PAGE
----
The park is a place where conservation biologists can study the pumas up close, witnessing their behaviors from 65 feet (20 meters) away in a way that might only be observed in camera traps in the United States.
“They allow you to see their secret lives,” Araneda said.
But at the end of the day, the park is the puma’s territory — a home to wild creatures where humans are the visitors. Araneda hopes that people respect wild places and keep their distance, rather than charging in with selfie sticks.
All of the crews who worked on CNN’s “Patagonia” docuseries secured specific permits from local park services and organizations like Chile’s National Forest Corporation, or CONAF, to film in certain locations as well as specific animals.
Being mindful of the animals and their space, as well as bringing in scientists and experts, allowed the crews to capture incredible moments.
Cinematographer Mauricio Handler dove underwater to film marine otters known as chungungos in Bahía Mansa, a quiet fishing village on the west coast of Chile. The otters were once on the brink of extinction, but they have rebounded in recent years.
What began as a challenging, freezing cold shoot became a “magical moment” for Handler as he captured footage of the otters playing.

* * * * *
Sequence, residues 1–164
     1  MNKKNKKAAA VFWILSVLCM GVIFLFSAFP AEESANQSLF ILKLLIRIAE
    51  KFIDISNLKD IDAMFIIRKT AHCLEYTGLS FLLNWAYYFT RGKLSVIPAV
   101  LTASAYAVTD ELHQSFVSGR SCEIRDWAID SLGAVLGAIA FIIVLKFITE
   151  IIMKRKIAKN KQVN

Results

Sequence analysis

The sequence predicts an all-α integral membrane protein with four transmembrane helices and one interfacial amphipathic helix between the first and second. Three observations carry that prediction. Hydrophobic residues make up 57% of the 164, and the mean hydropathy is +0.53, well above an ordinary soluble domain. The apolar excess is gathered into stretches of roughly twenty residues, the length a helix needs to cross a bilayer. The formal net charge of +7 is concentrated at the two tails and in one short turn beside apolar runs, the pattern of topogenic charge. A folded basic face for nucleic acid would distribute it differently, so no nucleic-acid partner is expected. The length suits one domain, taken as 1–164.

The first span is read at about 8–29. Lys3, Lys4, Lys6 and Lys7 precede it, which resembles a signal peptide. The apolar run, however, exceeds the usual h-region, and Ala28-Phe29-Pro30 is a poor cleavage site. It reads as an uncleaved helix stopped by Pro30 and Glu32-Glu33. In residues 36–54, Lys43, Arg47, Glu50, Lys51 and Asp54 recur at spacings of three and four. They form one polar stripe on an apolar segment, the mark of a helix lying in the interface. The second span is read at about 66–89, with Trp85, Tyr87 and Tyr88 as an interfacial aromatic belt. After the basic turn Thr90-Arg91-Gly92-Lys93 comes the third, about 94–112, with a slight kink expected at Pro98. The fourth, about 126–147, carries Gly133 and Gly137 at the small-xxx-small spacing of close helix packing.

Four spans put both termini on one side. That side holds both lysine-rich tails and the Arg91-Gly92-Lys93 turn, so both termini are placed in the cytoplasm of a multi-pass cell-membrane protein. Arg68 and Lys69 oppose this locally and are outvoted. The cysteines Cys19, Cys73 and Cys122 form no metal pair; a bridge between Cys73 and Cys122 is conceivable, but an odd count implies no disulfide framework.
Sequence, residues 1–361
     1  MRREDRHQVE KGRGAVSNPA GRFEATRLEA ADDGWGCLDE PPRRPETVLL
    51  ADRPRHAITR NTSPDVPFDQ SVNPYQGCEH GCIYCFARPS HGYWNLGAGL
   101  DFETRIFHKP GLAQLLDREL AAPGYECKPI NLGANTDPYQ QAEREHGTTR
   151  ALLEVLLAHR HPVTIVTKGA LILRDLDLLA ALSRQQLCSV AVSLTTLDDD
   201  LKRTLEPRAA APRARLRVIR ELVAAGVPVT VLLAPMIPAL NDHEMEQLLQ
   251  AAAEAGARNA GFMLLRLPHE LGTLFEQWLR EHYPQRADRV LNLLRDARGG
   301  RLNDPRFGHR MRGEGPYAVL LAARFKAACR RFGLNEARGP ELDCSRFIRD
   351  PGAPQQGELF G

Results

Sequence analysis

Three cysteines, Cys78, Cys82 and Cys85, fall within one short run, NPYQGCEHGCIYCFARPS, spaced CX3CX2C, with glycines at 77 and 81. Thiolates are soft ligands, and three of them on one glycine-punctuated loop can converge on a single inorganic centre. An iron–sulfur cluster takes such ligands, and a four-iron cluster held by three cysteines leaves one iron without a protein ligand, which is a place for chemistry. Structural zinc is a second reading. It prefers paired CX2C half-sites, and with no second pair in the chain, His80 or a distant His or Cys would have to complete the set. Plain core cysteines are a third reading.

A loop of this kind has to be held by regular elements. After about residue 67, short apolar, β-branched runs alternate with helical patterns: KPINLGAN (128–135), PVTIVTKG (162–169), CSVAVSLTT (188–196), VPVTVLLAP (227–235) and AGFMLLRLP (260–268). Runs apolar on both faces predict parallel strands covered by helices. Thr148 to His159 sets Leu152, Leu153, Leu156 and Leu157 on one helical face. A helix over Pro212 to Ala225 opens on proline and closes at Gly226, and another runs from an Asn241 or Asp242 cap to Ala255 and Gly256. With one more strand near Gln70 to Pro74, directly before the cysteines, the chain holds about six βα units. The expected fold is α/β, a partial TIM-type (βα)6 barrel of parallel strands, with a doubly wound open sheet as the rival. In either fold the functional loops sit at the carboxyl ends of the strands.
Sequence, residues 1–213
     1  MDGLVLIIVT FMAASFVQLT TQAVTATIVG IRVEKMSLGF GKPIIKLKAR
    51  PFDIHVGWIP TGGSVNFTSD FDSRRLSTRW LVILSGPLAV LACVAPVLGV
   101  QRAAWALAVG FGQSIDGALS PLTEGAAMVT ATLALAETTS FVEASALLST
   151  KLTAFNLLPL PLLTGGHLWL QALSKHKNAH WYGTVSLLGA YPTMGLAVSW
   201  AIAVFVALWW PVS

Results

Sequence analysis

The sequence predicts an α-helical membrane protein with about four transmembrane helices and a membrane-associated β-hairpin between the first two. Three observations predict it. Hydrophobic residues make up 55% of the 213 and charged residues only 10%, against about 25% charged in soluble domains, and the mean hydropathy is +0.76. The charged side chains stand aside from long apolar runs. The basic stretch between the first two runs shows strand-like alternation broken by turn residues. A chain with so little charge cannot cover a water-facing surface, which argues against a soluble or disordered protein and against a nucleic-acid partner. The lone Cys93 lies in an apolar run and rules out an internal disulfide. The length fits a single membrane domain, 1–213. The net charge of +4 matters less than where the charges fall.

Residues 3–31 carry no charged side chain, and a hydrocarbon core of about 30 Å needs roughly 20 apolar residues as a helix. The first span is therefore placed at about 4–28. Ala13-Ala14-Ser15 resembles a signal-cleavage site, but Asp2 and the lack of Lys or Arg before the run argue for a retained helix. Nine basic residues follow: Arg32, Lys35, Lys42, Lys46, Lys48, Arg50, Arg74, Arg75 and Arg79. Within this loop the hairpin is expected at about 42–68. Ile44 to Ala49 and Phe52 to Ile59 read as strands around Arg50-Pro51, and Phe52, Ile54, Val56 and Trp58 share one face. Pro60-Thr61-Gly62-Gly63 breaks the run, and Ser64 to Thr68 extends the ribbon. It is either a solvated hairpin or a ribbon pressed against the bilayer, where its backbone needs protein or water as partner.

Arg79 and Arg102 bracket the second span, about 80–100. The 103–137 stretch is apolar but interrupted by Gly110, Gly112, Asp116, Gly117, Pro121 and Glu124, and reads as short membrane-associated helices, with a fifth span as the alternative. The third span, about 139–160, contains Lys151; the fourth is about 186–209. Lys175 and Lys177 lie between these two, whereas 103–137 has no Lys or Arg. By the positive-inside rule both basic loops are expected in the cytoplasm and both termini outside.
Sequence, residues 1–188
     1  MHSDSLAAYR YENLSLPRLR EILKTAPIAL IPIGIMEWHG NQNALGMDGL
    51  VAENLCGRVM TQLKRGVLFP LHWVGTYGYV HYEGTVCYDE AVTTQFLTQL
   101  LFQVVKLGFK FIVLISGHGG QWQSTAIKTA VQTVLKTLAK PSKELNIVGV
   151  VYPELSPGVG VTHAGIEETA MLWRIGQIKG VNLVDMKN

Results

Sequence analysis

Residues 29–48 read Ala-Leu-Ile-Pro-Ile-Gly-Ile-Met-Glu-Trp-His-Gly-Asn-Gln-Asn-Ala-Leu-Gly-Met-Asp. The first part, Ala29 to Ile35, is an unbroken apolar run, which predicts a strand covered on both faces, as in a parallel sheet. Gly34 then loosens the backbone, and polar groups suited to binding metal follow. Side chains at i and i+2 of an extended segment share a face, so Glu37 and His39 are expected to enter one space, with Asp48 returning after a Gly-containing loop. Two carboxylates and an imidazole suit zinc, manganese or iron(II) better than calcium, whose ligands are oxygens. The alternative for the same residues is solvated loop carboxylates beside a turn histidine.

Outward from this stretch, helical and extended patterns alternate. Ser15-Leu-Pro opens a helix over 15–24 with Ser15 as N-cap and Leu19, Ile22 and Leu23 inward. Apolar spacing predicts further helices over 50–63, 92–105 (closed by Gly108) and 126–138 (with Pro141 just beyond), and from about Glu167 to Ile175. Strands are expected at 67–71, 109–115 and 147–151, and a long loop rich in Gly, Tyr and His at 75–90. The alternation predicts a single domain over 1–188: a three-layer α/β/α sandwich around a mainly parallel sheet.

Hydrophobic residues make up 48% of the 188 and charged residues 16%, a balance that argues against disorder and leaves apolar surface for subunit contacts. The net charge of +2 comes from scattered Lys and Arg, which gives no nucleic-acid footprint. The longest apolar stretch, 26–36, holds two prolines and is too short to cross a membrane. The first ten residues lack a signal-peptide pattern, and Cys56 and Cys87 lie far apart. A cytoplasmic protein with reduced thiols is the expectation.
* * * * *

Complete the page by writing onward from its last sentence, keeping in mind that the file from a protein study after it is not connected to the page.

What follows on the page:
Science in real time
Araneda remembers the first time he met biologist Isaí Madriz in 2019. Araneda was scouting locations for filming in South America and the two met by chance “in the middle of nowhere.”
Madriz had been conducting research in the field for weeks when he boarded the boat Araneda was on. They talked for hours, and at the end of their conversation, Araneda knew he wanted to work with Madriz on future projects.
“This is the kind of people that we wanted on the series,” Araneda said. “Passionate people doing things that no one else is doing and actually making a difference.”
Madriz has a reputation as “the bug detective,” and he’s known for finding new and rare insect species. In addition to sharing details about the glacier-dwelling stonefly known as the Patagonian ice dragon, Madriz also camped out in the tree canopy of Chile’s Valdivian forest to capture primitive crane flies.